What Is Dog Wheezing?
Wheezing, also known as stridor, is a high-pitched, raspy sound made by turbulent air flow through the trachea, or windpipe. As a dog inhales normally, air flows into the mouth, through the larynx (the area of the throat that contains the vocal cords and is the upper opening of the trachea), then through the trachea before dispersing into the smaller airways of the lungs. Exhalation reverses this order.
Most often heard as a dog exhales, a wheezing sound usually indicates that there is some sort of blockage of the air flow in either the trachea or the larynx. Air flow can be obstructed by inflammation, thickening of the airways, or by a foreign object or mass.
There are a few benign causes of wheezing, such as a sudden increase in activity (especially during the summer) or stress that causes your dog to breathe hard enough to wheeze. However, if the wheezing is constant, prolonged, or accompanied by any signs of distress or discomfort, it may indicate a medical emergency.
Not sure whether to see a vet?
Concerning Symptoms of Dog Wheezing
Wheezing that does not improve as your dog calms down or rests
Wheezing accompanied by gagging/coughing
Wheezing accompanied by blue or purple color change of the gums or tongue
Wheezing accompanied by appetite decrease
Wheezing and decreased activity levels/lethargy
Causes of Dog Wheezing
Wheezing Related to Infectious Disease
Viral (e.g., influenza), bacterial (e.g., kennel cough), and parasitic (e.g., heartworm) infections can lead to wheezing. Infections can cause inflammation and thicken the airways (bronchitis), but wheezing can also occur when mucus and phlegm buildup near the vocal cords. Heartworm can also affect how the heart functions and lead to symptoms of heart failure.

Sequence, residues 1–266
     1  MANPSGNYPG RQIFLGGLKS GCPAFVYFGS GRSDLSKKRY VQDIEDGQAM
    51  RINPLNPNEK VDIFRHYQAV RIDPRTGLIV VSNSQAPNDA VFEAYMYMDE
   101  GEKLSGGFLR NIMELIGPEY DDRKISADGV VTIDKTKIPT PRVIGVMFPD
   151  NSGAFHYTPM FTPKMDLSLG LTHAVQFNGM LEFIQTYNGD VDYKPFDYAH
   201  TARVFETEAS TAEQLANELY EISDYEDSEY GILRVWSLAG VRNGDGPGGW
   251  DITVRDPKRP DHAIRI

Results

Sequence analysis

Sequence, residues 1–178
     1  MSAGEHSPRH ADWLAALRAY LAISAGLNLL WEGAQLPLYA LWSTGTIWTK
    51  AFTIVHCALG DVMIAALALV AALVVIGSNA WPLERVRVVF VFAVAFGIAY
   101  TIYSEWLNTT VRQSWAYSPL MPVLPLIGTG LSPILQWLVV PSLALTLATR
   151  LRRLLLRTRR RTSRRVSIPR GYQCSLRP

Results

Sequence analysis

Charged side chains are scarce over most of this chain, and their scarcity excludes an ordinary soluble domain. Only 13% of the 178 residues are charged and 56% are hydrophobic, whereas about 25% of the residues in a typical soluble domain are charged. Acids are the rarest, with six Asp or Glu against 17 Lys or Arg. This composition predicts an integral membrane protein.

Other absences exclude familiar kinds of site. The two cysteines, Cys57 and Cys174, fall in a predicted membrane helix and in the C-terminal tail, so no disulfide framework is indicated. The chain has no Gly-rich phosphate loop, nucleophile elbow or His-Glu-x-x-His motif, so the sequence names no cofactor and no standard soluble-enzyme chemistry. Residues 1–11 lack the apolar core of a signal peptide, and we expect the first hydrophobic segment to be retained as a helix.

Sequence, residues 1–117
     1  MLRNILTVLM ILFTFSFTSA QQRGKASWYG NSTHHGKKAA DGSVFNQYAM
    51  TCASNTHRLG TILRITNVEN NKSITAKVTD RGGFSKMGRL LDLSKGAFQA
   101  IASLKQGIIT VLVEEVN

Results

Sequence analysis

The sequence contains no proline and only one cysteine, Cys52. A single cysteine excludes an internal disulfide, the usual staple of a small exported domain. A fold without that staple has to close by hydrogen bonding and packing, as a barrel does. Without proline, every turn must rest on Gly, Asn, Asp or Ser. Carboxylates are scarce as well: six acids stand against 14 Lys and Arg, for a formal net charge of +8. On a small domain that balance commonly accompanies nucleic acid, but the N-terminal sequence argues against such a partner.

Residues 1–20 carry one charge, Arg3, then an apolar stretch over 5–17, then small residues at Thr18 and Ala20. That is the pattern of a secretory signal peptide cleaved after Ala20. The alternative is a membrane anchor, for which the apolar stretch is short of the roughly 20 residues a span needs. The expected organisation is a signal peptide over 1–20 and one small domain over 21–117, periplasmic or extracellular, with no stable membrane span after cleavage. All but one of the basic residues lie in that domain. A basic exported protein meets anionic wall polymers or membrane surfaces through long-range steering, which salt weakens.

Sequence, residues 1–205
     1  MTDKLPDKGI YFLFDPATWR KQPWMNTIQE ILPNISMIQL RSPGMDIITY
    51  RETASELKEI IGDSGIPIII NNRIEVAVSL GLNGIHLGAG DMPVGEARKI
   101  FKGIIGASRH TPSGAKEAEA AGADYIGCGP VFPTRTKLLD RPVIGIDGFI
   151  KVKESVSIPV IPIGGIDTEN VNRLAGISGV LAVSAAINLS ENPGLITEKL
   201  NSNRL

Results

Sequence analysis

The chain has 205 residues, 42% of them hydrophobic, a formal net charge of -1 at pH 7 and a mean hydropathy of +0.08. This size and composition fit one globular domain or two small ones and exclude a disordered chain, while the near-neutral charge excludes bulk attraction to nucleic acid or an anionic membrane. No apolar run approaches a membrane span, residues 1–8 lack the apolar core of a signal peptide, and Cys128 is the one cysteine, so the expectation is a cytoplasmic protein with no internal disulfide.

Mild cases of infectious respiratory disease, where your dog is still eating, drinking, and sleeping well, may not need medical intervention, but prolonged clinical signs, change in appetite, or any of the above symptoms warrant a vet visit and likely chest X-rays to make sure antibiotics and other supportive options aren’t necessary.
Wheezing Related to Allergies
Seasonal respiratory allergies are not as common in dogs as they are in humans, and wheezing during an allergic reaction in dogs is concerning because that could be a sign of anaphylaxis. Especially if the wheezing is accompanied by facial swelling or hives, a dog should be evaluated by a veterinarian immediately.
Wheezing Related to Collapsing Trachea
Most noted in small-breed dogs, collapsing trachea is a condition where the cartilage of the trachea is weakened. Due to the pressure changes inherent in inhalation and exhalation, the trachea will actually narrow at the weak points. Wheezing with this condition is usually accompanied by a “honking goose” cough. Severity of these symptoms can vary.
Dogs who are not severely affected can be treated with environmental management. Examples of this include avoiding strenuous activities, keeping them in air-conditioned locations, and using harnesses that avoid pressure on the neck. For those with more serious clinical signs, there are some surgical options.
Wheezing Related to Heart Disease
When changes in the heart lead to heart failure, fluid can build up inside or outside the lungs, causing the dog to breathe much harder to get oxygen. This increased force during breathing can lead to wheezing, though coughing is a more common clinical sign.
In cases like this, wheezing is often coupled with breathing faster. You may notice your dog using their abdomen more to help them breathe. Heart failure is a medical emergency; if your dog displays these clinical signs, they should be evaluated by your veterinarian immediately.
Wheezing Related to a Foreign Body
An object that your dog has in their mouth can slip and get lodged in the back of the throat near the larynx, obstructing the airway and leading to severe wheezing. As a dog experiences these sudden changes it can seem like they are choking, and the wheezing is often accompanied by distress, drooling, and coughing. Getting a foreign object out of the airway is a medical emergency, so contact a veterinarian immediately.